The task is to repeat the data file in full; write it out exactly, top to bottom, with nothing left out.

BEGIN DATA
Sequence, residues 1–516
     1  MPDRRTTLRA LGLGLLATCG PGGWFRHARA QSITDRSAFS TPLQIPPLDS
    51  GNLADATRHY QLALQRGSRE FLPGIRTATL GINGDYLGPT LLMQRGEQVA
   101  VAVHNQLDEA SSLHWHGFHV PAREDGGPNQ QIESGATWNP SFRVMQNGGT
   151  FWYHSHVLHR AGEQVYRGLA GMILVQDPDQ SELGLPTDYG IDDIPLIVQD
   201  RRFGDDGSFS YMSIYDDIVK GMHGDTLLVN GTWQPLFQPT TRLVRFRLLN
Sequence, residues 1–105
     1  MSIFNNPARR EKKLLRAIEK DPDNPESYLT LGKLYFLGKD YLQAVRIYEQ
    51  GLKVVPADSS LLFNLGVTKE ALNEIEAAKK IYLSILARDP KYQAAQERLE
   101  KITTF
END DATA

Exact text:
Sequence, residues 1–516
     1  MPDRRTTLRA LGLGLLATCG PGGWFRHARA QSITDRSAFS TPLQIPPLDS
    51  GNLADATRHY QLALQRGSRE FLPGIRTATL GINGDYLGPT LLMQRGEQVA
   101  VAVHNQLDEA SSLHWHGFHV PAREDGGPNQ QIESGATWNP SFRVMQNGGT
   151  FWYHSHVLHR AGEQVYRGLA GMILVQDPDQ SELGLPTDYG IDDIPLIVQD
   201  RRFGDDGSFS YMSIYDDIVK GMHGDTLLVN GTWQPLFQPT TRLVRFRLLN
Sequence, residues 1–105
     1  MSIFNNPARR EKKLLRAIEK DPDNPESYLT LGKLYFLGKD YLQAVRIYEQ
    51  GLKVVPADSS LLFNLGVTKE ALNEIEAAKK IYLSILARDP KYQAAQERLE
   101  KITTF